Last week the Coalition for Paid Sick Days presented before the Board of Supervisors the case for San Francisco’s ailing workers. Today, the coalition, which consists of Young Workers United, the Chinese Progressive Association, SEIU-Committee of Interns and Residents, Center for Young Women’s Development, and Young Community Developers, continues to perfect the legislation that will go onto the November 2006 ballot. The proposal is expected to go through with the support of supervisors Peskin, Maxwell, Daly, Ammiano and Mirkarimi.

According to Dante Grant, member of Young Workers United and one of the legislation’s authors, the decision to make paid sick days a ballot measure was for the sake of “education”.

“It’s about educating the workers that do not have sick days and motivating people to get to the polls,” explained Grant, “if the people are not making the decisions they do not know about the issues that are affecting them.”

The legislation strives to alleviate the plight of over 100,000 private sector workers who lack the right to paid sick days. It mandates individuals who work at least thirty hours per week in exchange receive one hour of paid sick leave. Furthermore, it permits workers to essentially accumulate sick leave credits, allowing them to use their accrued hours at their discretion.

In response to small business concerns, crafted into the measure is a distinction between the amount of compensation different sized businesses must provide. Workers in businesses with ten or fewer employees are only allowed to accrue up to forty hours or five eight-hour workdays of paid sick leave while workers in businesses of ten employees or more are allowed to earn up to 72 hours or nine eight-hour workdays of paid sick leave. The Young Workers estimate it would take an individual about seven months to accumulate the threshold number of sick days in the smaller business and approximately a year and two months in the larger.

But despite the coalition’s efforts, business leaders still adamantly oppose a paid sick day law funded by entrepreneurial dollars. It is yet another piece of progressive legislation whose costs will be borne on the profit-driven community. As a result, the coalition’s concessions have fallen on deaf ears.

In order to avoid double coverage, Grant did assure the coalition the measure would comply with a business policy known as “intent equivalency”. Intent equivalency mandates workers who already have nine paid sick days, most likely through union-based activity, are not entitled to coverage from their employer. As long as a business is up to par with the legislation’s standards they do not have to change their policy.

Along with the minimum wage ordinance and health access program, the Office of Labor Standards Enforcement (OLSE) would monitor the provision of paid sick day compensation. Nonetheless, the authors plan to give the resolution some additional teeth.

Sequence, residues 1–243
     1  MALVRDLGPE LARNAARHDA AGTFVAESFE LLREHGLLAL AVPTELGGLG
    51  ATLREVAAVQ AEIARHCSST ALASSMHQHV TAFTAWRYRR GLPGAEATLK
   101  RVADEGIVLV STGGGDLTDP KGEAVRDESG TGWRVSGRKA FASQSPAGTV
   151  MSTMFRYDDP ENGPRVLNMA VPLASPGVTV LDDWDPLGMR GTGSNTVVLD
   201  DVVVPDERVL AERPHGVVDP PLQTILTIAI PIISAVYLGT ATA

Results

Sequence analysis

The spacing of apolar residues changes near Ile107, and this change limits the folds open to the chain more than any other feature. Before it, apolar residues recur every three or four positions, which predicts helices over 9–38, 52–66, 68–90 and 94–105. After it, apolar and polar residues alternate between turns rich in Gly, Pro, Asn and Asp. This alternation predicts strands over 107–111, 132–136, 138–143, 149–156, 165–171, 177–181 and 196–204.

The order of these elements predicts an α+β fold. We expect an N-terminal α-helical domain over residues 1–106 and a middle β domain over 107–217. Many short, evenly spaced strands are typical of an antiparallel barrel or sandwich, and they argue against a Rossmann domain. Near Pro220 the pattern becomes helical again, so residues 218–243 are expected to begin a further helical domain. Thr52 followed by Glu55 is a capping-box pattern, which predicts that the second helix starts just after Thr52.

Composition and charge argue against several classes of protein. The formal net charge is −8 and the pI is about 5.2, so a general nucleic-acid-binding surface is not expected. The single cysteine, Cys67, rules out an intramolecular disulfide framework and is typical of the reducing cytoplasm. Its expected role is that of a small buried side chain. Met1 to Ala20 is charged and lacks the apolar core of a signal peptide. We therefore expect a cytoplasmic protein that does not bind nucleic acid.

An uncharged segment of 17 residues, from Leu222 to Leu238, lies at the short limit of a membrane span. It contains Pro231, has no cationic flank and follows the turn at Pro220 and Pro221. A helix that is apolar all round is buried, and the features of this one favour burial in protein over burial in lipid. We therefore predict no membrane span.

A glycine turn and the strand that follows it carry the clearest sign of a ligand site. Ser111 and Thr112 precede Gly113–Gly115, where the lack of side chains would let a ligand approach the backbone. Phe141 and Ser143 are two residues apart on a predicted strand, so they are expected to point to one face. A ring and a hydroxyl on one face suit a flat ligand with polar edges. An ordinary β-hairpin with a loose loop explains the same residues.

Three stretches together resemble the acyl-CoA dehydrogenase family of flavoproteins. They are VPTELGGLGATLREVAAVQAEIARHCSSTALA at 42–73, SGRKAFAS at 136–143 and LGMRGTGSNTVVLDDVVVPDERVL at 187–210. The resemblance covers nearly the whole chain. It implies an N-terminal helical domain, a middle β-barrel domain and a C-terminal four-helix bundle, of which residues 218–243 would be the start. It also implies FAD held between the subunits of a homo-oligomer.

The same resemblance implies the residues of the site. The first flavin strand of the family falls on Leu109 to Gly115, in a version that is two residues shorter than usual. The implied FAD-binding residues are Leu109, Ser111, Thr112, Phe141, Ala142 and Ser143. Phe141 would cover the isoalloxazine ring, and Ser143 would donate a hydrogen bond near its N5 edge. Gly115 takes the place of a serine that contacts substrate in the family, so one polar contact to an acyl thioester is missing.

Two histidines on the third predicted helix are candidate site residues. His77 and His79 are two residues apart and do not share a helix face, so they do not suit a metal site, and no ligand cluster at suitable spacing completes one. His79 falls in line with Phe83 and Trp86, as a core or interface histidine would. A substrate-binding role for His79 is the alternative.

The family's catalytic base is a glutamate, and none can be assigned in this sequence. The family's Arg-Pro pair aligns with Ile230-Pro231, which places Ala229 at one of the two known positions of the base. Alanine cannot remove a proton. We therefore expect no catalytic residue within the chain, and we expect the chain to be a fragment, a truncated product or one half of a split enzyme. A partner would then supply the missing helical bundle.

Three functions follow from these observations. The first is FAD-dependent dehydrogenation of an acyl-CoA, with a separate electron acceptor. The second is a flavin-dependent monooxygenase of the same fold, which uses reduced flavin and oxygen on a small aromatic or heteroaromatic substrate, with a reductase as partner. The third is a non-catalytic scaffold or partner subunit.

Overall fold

Currently, the coalition is engineering a series of penalties, intended to encourage businesses’ compliance with the legislation if passed. As Alex Tom of the Chinese Progressive Association explained it, if an employer denies his workers sick day compensation, he is liable to pay up to five times the amount he originally refused in penalty fees. For example, a laborer earning the minimum wage of $8.82, if denied compensation for a full eight-hour workday would be entitled to $8.82 x 8 x 5 or $352.80. Conversely, penalties will be levied on employers who force an employee to work when he has requested sick leave. The OLSE would handle such infractions on a case-by-case basis.

According to Tom, “workers have a fear of retaliation [from employers]”. Low-income laborers especially know if they choose to take a day off their employer in turn could choose to replace them. For that very reason, the legislation would prove especially significant for non-union workers. The Chinese Progressive Association in particular represents a majority of workers lacking sick day coverage and most of them are non-union, low-income garment and restaurant employees. Legislation is essential to extend job protection to all workers of San Francisco.

But even union workers are signing on to the sick day movement. Tom explained union workers often have coverage that is not comprehensive and each time they want paid time off they may have to negotiate with employers. The coalition’s work promises to raise the floor of standards for all low-income laborers.

The medical community also stands to gain from the current proposal. SEIU, the union, which represents intern and resident physicians at San Francisco General Hospital, has practiced loyal dedication to the coalition since its roots. San Francisco General doctors see many of the underserved, low-income residents of the city and bear the consequence of restrictive employers through ambulatory visits and emergency treatment. Because common sense dictates preventative care is the most effective type of care, many of the city’s doctors have stood firmly behind the legislation, which places a greater value on health than money.

If passed the measure will be implemented in February 2007, at which point all currently employed workers will start accruing hours toward sick day coverage. Anybody employed after the start date will undergo a three-month “parole” period before they begin accruing. This is intended to ease the transition for businesses.

Regardless, this will be a divisive issue, decided by those who can take time out to bring themselves to the polls.